That word, value, derives from primary motivation.
For those in the Christian faith, the Apostle Paul speaks to what should drive us in Colossians 3:
23 Whatever you do, work at it with all your heart, as working for the Lord, not for human masters, 24 since you know that you will receive an inheritance from the Lord as a reward. It is the Lord Christ you are serving.
What are you in it for? Whose approval do you seek? If no one else was watching, would you still work as diligently, with excellence? Does your current occupation enable you to glorify God? The answers may surprise you.
Paul was encouraging slaves to work with excellence for their masters. He wasn’t advocating slavery, but instead promoting the idea that work done well may point to God! The tricky part in application to us today, of course, is that slaves were obviously locked into their “career”. We, however, can go anywhere and do just about anything we want to. But should we?
Perhaps a career change isn’t in order for you. Maybe you just need a shift in perspective.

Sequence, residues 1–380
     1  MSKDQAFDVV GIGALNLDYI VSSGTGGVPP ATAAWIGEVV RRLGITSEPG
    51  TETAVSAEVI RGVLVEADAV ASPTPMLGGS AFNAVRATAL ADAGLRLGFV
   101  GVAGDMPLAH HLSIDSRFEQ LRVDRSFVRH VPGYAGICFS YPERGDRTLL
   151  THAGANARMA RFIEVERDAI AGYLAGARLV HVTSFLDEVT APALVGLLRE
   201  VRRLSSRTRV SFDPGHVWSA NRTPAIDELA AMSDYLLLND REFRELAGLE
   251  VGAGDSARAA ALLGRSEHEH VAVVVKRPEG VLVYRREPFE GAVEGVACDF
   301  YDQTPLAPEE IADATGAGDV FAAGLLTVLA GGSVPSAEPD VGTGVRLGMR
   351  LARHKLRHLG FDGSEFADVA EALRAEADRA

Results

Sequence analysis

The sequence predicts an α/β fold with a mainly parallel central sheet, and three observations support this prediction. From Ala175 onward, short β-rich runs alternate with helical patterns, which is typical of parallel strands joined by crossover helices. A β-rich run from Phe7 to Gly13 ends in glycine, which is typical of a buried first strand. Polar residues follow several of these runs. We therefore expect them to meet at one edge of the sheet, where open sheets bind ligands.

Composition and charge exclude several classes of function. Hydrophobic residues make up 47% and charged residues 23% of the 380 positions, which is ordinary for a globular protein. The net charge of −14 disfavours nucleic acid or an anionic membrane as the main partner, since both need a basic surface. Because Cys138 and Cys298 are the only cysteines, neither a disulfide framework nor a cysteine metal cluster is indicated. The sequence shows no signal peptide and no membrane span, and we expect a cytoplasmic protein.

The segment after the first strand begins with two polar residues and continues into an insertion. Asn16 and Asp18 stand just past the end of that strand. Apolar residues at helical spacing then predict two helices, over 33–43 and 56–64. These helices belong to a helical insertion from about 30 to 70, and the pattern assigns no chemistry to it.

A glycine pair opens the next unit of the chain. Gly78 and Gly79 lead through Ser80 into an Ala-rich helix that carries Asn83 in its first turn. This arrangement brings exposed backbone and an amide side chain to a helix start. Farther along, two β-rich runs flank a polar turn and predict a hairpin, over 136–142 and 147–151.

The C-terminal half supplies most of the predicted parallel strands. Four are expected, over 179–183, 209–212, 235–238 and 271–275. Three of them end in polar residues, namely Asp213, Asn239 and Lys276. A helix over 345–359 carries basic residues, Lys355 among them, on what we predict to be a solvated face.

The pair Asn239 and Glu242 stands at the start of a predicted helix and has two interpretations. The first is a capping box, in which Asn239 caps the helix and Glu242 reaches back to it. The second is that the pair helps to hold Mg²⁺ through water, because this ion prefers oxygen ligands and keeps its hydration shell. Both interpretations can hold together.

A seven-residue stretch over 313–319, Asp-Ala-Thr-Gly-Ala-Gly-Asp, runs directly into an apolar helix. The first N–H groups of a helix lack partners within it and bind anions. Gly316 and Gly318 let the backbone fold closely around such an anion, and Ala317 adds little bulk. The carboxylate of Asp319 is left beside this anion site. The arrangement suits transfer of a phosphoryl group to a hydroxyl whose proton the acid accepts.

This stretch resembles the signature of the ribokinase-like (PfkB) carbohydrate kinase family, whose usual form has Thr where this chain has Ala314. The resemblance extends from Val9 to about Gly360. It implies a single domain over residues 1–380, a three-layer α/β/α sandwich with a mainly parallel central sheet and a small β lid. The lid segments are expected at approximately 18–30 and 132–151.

Stemming from that, a sixth question:
Can you glorify God from where you’re at now?
The answer, I suspect, is going to be a, “Yes!” more often than not. God values productivity and missional impact more than He does our personal comfort. That 9-to-5 job you’re “stuck in” that “pays the bills” may also be a divine appointment to impact that group of people for Him. You never know! THIS may be your place of ministry. (as awful as that may seem)
However, that may not always be the case. If your work is indeed a soul-crushing affair, day-in-day-out, I would tend to say: Make the move!
We are only given one shot on this earth to fulfill a calling or purpose and part of all that includes an occupation that best fits our passions, skill-set, life goals, and our faith.
Chris Honeycutt is the Founder and Lead Consultant of Training Churches. He resides in Spartanburg, SC with his wife Heather and their son Nelson.